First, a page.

Tag Archives: tim leunig

Three things for your attention

Firstly, I just thought I would direct people to my piece defending the Convention on Modern Liberty and its “outrageous” decision to be cross-party.

It has had an interestingly muted response. The most fascinating one was from Sadie Smith whose paraphrase of my article was that I defined anyone who is boycotting the Convention “because of the miner’s strike” is a “ZANULIARBORE HATER OF THE LIBERTIES WE’VE ENOJYED SINCE THE MAGNERCARTER WHO IS MORE AUTHORITARIAN THAN HITLER AND STALIN ROLLED INTO ONE!!!!1!!!! LOLZ!” If self-obsessed lefties want to turn themselves into a parody of themselves, that suits me.

Secondly, and slightly more constructively, Paul Bergin asked me to take part in his bloggers’ interview series. My contribution can be found here.

Finally, the Social Liberal Forum’s Ideas Factory is starting to take off. At the moment, Tim Leunig’s “right to move” and Thomas Hemsley’s ratification of appointments are available for your perusal, comments and rating, with more to come.

Lord Jacobs becomes rightwingers’ new poster child

The Times reports that Lord Jacobs has quit the party to sit as a crossbencher on the grounds that the party’s position on tax does not include tax cuts for the rich, paid for (if Lord Rennard is to be believed) by a 6p hike in NIC. Despite Sam Coates’ best attempts to dress this story up into another typical Times piece of donor porn (I was half-expecting the piece to start going on about the quality of the soft-furnishings in his central London home and to coo erotically over the prospect of him owning a yacht), it hardly looks damaging for the party. Old man in a hurry throws toys out of pram. Shrug.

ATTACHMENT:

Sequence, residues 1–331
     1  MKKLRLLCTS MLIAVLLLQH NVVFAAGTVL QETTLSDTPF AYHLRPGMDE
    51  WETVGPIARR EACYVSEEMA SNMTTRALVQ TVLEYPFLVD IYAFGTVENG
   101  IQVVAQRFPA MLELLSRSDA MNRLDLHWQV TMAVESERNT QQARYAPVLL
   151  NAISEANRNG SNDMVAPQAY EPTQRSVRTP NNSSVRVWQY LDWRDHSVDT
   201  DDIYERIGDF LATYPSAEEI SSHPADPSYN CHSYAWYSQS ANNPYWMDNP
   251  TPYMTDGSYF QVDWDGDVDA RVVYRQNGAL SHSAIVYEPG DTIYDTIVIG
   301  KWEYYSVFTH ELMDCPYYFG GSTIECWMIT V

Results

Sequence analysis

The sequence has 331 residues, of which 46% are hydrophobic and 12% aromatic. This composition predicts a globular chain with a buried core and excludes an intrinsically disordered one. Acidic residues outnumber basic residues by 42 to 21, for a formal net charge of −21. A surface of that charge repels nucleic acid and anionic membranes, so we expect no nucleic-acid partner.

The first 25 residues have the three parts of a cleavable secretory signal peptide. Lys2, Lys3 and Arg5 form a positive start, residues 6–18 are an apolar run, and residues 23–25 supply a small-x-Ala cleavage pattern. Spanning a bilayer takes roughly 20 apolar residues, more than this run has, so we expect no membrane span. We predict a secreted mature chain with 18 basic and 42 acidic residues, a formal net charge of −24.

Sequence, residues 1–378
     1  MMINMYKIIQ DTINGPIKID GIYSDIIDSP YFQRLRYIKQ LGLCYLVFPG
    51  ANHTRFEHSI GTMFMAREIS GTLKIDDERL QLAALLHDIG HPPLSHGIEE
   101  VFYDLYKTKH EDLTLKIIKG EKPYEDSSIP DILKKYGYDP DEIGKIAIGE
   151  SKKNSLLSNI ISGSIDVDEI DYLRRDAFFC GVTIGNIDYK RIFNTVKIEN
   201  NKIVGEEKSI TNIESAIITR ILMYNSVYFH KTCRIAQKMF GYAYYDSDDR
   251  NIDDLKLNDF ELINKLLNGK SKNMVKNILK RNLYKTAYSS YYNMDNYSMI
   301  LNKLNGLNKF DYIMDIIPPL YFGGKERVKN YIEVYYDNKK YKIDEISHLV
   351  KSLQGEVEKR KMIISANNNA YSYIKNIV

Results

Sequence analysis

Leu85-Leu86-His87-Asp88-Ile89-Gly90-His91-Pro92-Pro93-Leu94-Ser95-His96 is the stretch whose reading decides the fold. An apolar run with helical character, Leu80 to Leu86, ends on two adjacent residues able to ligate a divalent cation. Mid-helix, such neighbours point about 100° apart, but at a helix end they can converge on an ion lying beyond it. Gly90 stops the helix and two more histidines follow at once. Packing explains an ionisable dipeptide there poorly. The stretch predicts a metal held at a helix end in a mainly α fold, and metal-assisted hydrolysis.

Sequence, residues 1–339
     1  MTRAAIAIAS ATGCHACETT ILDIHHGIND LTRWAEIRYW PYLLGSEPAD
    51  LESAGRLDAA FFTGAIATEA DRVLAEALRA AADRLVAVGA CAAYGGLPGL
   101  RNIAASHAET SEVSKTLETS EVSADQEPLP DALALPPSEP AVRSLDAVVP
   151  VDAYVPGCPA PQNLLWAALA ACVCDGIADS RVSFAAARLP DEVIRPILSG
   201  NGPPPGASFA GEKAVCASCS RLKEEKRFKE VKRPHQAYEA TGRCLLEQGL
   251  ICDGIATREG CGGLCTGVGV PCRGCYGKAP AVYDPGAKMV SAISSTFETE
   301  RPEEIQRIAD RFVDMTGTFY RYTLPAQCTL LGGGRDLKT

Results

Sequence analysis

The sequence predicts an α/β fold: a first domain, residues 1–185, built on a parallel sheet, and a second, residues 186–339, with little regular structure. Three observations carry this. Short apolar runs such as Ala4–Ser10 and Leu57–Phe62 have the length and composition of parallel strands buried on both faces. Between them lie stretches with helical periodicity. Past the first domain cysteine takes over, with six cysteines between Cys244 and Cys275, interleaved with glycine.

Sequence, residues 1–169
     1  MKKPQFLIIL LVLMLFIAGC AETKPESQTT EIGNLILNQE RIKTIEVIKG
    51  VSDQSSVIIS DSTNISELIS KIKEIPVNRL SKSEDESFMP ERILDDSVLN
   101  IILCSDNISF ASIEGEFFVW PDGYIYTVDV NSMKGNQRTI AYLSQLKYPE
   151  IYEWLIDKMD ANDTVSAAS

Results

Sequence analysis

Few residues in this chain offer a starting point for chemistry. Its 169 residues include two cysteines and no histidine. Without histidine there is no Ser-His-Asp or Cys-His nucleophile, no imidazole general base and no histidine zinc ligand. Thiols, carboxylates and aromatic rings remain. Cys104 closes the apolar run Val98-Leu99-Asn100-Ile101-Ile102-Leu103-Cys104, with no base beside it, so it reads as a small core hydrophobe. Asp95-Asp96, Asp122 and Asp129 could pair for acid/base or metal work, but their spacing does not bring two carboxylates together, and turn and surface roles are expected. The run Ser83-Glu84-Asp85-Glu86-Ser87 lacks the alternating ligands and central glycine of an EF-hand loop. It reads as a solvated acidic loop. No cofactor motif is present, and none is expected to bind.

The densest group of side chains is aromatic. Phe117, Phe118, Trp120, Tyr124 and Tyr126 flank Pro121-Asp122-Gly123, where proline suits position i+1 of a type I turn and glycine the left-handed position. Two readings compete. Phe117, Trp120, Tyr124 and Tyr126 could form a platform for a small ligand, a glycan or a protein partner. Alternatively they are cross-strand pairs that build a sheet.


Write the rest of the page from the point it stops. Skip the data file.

What is rather more interesting has been the reaction on Lib Dem Voice. The general reaction has been one of bemusement, but Tim Leunig leapt to Jacob’s defence:

It is easy to rush to attack someone who is leaving, but I think this is a bit churlish. Lord Jacobs has worked very hard for the party over the past twenty years, in financial and other ways. He is not someone who turned up, donated £100k one day and became a Lord the next without understanding or supporting our principles. When someone that committed leaves the sensible thing is to sit them down and talk to them. Because who knows, they may be representative of a chunk of the party.

Except that, um, no-one was attacking him. Later still, Oranjepan quipped:

“…Jacobs his obviously flounced off in a huff…”

Oh dear, I don’t think anyone could seriously believe that (I mean seriously!).

For someone who has been around our party (and forebears) for so long he is clearly aware of our role in the process and pragmatic enough not to have walked away during more contentious times.

Jacobs clearly sees some other merit in these actions as he is still overtly supportive, so I think it will be interesting to see whether he continues to be a donor to the party… wheels with wheels…

My feeling is that he has deliberately isolated himself in order to open up a debate on this issues. If the Fabians and others are coming out in favour of Clegg’s leadership then these manoeuvers demonstrate clear political dexterity and a full awareness of how opinion is formed.

At age 77 such a principled gambit should be applauded and it shows he has both the nous and the cojones to make one more throw of the dice.